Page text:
Several of us were meeting recently about story ideas in HealthLeaders magazine. A story idea I mentioned about nonprofit status was discussed in our conference call, and I speculated that given the increasing levels of insured patients, that some people might get the idea that tax breaks are no longer necessary for nonprofit hospitals and health systems.
Undoubtedly, some will get that idea, especially in an era where the federal government beholds huge deficits as far as the eye can see, and no easy way of raising additional revenue, otherwise known as raising taxes. My point was that if hospitals are no longer having to spend huge amounts covering charity care and bad debt write-offs, will they be seen as a potentially big source of revenue not only for the feds but for state governments as well?
My contention was that they would. Another idea postulated as we discussed that story idea was that many hospitals, especially of the local, government-owned variety, might consider ditching their nonprofit missions entirely and move toward a for-profit business model. Most of us shot that down as extremely far-fetched, though some wags might argue that many nonprofits operate like for-profits as it is, with the high executive salaries and focus on the bottom line that characterize such institutions.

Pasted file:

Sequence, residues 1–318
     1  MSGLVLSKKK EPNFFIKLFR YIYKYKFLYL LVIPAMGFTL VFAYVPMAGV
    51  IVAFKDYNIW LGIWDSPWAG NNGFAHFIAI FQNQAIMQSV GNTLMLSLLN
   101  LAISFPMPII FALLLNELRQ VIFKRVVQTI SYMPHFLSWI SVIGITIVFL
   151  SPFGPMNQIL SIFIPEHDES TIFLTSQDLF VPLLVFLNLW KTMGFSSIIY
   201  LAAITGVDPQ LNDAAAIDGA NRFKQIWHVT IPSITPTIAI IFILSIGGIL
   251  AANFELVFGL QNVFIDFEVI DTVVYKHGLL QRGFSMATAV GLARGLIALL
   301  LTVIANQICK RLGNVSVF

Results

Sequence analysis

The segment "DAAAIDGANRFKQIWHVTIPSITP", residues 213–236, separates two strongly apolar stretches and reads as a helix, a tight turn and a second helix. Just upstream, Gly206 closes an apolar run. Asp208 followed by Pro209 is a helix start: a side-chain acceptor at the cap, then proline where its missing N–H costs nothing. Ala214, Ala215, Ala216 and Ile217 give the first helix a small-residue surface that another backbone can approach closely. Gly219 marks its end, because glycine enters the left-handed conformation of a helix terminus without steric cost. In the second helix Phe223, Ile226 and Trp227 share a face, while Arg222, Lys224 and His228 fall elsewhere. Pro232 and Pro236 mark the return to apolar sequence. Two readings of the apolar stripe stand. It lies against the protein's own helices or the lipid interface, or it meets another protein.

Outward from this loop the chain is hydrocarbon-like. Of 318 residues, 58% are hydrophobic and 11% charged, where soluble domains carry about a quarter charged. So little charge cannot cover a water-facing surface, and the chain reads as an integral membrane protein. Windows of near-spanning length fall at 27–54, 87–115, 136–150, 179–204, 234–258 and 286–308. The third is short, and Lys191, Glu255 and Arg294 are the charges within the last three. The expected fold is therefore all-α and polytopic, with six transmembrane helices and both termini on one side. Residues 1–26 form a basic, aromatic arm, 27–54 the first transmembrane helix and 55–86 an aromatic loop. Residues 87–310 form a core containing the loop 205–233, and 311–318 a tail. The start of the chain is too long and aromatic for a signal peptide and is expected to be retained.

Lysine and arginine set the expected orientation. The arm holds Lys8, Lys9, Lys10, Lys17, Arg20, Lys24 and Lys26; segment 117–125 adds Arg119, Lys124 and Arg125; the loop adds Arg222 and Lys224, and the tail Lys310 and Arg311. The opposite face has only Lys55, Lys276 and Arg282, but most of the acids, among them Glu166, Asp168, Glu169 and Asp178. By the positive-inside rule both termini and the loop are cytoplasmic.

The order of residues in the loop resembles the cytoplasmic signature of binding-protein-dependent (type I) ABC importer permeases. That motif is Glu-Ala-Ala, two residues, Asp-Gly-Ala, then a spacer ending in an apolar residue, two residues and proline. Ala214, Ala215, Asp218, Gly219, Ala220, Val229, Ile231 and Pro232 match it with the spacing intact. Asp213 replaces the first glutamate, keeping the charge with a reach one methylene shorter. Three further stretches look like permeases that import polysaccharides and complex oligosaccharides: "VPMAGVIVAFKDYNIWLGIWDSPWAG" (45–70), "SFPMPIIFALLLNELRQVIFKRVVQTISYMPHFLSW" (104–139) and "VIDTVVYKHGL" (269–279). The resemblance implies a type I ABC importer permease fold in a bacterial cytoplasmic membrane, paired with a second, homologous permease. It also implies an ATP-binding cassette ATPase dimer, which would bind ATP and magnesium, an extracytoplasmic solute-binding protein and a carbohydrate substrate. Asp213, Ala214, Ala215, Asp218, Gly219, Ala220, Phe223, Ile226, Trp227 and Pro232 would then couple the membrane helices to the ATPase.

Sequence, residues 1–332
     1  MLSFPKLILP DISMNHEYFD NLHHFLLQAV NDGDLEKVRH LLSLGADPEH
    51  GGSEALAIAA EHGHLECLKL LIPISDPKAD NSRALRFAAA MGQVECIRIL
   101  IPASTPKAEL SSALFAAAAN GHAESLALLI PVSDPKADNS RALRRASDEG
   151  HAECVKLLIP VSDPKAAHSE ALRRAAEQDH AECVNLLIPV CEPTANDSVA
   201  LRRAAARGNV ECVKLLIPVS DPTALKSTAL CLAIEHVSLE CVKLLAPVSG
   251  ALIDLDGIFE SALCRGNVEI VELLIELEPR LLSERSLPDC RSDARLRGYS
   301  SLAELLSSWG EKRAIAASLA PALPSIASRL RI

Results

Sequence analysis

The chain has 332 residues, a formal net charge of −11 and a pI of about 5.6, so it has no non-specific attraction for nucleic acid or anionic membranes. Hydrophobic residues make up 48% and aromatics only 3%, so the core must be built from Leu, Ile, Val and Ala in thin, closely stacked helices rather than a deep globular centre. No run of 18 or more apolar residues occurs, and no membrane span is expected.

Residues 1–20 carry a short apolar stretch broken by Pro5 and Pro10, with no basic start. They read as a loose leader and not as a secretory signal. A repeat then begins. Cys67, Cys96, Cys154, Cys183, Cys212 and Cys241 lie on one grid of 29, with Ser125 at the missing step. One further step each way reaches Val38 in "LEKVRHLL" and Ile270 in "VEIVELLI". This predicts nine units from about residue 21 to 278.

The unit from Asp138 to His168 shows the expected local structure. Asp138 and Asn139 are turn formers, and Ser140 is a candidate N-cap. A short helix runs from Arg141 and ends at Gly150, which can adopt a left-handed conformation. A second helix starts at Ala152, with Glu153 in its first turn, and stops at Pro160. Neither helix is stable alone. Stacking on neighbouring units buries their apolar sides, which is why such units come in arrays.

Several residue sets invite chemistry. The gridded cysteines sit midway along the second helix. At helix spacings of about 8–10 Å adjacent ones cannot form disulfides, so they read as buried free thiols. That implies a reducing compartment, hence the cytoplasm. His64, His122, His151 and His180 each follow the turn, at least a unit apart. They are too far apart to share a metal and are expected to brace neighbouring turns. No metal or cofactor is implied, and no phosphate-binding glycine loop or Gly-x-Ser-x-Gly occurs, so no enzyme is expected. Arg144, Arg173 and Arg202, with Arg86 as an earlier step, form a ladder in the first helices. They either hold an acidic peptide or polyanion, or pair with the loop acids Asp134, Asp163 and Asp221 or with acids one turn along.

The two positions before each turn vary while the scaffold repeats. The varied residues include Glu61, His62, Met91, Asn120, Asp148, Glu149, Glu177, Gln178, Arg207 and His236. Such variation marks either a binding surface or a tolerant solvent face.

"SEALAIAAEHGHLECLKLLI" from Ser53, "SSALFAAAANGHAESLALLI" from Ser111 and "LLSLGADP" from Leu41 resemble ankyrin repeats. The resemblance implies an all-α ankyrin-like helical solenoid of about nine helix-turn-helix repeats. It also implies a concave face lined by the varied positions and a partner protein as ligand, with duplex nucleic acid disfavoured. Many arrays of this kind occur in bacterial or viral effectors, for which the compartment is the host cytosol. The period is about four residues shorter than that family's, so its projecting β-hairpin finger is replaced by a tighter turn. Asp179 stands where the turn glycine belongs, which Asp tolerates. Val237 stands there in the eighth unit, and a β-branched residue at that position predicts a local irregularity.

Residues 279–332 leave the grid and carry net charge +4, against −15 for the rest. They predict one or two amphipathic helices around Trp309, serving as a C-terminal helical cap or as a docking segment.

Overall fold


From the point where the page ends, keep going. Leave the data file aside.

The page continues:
Certainly there's a lot of revenue at stake if all such entities were taxed. But much of the hubbub about this subject has died down recently with the passage of healthcare reform legislation. That doesn't mean powerful people, like Sen. Charles Grassley, aren't still thinking about it. And little sandstorms of controversy periodically erupt over hospitals and their nonprofit status. Just this week, New Hampshire's attorney general launched an inquiry into salaries of CEOs at nonprofit hospitals.
So following the meeting, I started thinking a little more about that far-fetched alternative theory. As I said, we shot it down. I mean, what would be the motivation? But then as I thought about it more, I can see a few good reasons for doing so. Still, I can't think of any hospitals that would take such a drastic step willingly. Regulations for justifying that tax break would have to get a lot more teeth. And think about the negative public relations hit hospitals would take, for foregoing their tax-exempt status. And think about the hit they would take to the pocketbook, even though they would be relieved of the charitable contribution requirement. Still, I'd be interested in hearing from anyone who has a good argument for that course of action.